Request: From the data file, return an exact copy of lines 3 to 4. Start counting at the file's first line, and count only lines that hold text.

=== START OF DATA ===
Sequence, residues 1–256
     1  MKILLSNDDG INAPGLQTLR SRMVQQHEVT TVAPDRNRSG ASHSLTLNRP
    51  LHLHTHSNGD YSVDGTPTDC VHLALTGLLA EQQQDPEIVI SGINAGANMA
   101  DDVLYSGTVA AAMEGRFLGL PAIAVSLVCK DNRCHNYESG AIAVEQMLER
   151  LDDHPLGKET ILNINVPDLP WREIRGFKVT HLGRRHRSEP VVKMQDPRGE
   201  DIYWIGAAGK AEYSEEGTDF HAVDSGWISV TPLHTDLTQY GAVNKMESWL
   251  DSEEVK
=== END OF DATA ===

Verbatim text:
    51  LHLHTHSNGD YSVDGTPTDC VHLALTGLLA EQQQDPEIVI SGINAGANMA
   101  DDVLYSGTVA AAMEGRFLGL PAIAVSLVCK DNRCHNYESG AIAVEQMLER